I didn’t quite catch the animal rights protest last Sunday; although I was unaffected, several other fellow students were not quite so lucky.

I’ve heard countless tales of colleges that have been effectively on
lockdown because the protestors were considered to be a security risk.
But whilst the Oxford Life Sciences department is undoubtedly doing
valuable research into how to save millions of human lives, sympathy
for the anti-vivisection movement is lacking.

But what on earth was the demonstration for? Many anti-vivisection
activists would maintain that they are in favour of more humane methods of testing, but that is not the main message of these demonstrations. They never put themselves first and foremost in favour of more
efficient methods of medical experimentation. They always portray a
negative message – what one must not do rather than what one should.

The most controversial actions of the movement are all attempts at stopping scientific enquiry, rather than providing any concrete grounds for improvement. If we consider social movements to be an editing process, the anti-vivisection campaign is something like an indiscreet, chunky rubber.

Not only do they offer no constructive solutions, but their analysis of the problem is also incredibly misleading. For example, PETA claims that the cure for diabetes was delayed because we studied it in other species, with the inference being had we only tested on humans more then we might have found a cure sooner.

Rubbish. Our knowledge of diabetes in humans yielded no results; it was only after a Canadian surgeon named Frederick Banting carried out some perhaps questionable experiments on a diabetic dog that we actually managed to find a working cure. Today, 3 million people live with diabetes, the emphasis being  on “live”. Yet many anti-vivisection groups wilfully blind themselves to this fact.

The World Day for Animals in Laboratories claim that 18,000 people a year are killed by drugs that are tested on animals, whilst failing to mention the millions of people worldwide who are cured from debilitating diseases by medicines –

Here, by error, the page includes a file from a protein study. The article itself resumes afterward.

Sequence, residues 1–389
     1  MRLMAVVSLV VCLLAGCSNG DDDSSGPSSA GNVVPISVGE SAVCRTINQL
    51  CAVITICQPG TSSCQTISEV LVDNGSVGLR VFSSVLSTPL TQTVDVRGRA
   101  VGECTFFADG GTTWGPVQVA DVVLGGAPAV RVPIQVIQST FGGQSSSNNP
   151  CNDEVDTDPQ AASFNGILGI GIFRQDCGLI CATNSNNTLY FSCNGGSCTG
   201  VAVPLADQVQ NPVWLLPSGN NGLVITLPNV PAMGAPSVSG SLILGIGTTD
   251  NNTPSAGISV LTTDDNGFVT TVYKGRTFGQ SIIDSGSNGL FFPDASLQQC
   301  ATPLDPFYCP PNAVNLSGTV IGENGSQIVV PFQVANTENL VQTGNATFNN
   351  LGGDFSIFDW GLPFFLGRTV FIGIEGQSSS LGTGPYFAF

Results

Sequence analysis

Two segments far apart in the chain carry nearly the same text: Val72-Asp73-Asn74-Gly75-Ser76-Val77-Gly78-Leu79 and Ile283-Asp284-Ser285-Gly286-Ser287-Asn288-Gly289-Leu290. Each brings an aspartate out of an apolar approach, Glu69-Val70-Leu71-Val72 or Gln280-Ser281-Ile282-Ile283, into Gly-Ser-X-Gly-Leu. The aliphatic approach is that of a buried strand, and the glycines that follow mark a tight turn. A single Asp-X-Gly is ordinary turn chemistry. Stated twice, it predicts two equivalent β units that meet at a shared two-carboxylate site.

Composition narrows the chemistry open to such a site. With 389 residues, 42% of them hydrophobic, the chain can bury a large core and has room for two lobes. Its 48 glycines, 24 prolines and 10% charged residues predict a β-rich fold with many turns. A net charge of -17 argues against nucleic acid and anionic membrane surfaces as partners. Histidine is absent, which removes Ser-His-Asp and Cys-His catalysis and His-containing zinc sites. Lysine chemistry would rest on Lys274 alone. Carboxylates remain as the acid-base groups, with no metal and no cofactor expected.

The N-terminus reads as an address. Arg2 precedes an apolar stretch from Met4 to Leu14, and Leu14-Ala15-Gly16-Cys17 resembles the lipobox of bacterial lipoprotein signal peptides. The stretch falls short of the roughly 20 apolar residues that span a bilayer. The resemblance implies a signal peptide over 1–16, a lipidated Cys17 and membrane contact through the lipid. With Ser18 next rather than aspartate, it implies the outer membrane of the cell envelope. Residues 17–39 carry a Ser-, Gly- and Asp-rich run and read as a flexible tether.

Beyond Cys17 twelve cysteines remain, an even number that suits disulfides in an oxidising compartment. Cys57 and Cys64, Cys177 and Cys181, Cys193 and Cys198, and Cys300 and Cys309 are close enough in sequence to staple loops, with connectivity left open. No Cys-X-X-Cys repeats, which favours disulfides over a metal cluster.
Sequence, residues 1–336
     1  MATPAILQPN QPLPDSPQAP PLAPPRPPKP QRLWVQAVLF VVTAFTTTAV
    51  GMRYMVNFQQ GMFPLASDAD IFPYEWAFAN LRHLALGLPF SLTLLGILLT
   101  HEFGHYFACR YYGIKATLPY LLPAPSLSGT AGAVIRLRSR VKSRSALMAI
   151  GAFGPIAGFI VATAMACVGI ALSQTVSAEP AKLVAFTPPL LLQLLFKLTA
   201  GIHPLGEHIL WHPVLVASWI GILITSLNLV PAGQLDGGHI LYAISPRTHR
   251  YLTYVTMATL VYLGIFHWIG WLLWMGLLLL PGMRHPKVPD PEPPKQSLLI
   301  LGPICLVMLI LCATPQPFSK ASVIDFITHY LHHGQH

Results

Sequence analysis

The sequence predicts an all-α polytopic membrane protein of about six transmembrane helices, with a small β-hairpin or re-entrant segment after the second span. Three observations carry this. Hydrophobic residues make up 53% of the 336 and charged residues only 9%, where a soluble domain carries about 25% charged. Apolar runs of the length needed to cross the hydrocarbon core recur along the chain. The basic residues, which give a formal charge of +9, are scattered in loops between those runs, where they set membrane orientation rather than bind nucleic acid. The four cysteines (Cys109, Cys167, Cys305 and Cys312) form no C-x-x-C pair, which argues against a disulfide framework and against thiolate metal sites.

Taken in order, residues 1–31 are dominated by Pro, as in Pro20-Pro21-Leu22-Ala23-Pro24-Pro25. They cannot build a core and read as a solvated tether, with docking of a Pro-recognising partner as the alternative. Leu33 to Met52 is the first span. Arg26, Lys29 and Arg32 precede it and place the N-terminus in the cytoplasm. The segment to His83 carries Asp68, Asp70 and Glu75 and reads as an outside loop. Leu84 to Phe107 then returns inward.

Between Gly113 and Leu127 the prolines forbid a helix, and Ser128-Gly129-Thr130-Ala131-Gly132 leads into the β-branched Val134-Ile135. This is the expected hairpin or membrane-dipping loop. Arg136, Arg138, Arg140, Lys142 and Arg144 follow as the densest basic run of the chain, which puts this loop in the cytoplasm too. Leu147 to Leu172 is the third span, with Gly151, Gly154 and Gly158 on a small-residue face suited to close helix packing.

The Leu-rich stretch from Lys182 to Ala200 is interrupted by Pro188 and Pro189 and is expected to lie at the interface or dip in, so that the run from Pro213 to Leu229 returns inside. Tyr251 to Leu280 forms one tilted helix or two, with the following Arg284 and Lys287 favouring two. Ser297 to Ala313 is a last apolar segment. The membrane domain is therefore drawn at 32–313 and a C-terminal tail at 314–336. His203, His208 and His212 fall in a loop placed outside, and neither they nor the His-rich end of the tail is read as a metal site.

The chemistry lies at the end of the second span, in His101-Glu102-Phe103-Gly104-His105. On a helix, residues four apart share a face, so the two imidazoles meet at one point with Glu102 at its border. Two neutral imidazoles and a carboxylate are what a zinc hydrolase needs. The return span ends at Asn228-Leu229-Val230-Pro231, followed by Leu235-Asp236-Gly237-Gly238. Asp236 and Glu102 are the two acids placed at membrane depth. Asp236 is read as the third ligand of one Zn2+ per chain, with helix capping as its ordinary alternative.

that also happen to have been tested on animals.

This sort of deception is only necessary because the case against animal testing is impossible to make on pragmatic grounds. If animal testing for medical purposes was really unnecessary, then it would have gone the same way as testing for cosmetic purposes, which is widely unpopular for the simple reason that such procedures are pointless. Nobody is at risk because the secret ingredient in their moisturiser is no longer bunny tears.

However, although there have been consistent reductions in the amount of medical experimentation that does go on, it will never be completely eliminated simply because the alternative methodology does not exist, and the only other option is that people will die. One protestor from Saturday is quoted saying, “We have wonderful techniques – we don’t need old-fashioned cruel experimentation.” Most of the “alternatives” to animal testing that either still require the sacrifice of some animal life, use human volunteers (but only for fairly minor conditions), or required computer models that are  considered amongst the scientific community to be inadequate compared to the amazing complexity of even a mouse brain.

There is a difference between human and animal pain. We do not know if all animals feel a continuity of pain. It is entirely correct to place severe restrictions on testing on primates, because we know that as well as feeling pain, they can suffer – they can remember unpleasant experiences, and can fear future ones.

However, we do not have any evidence whether mice are traumatised by experimentation, or if they merely experience a sequence of individually unpleasant moments. What we do have evidence for is the suffering that diseases cause to humans, both through the unpleasant effects it has physiologically speaking and the emotional pain caused to the families of those afflicted by terminal illness. I don’t wish to be judgemental, but I have never seen a mouse attend a funeral.

I’m not in favour of causing unnecessary suffering to animals. The scientists who perform these experiments almost certainly aren’t. These  experiments are not conducted to be cruel to animals, but to be good to human beings. That is why the public accepts them despite the fact that there is pain involved.

Only when the anti-vivisection movement has a similar positive message and a sense of what it actually wants to achieve will it be credible.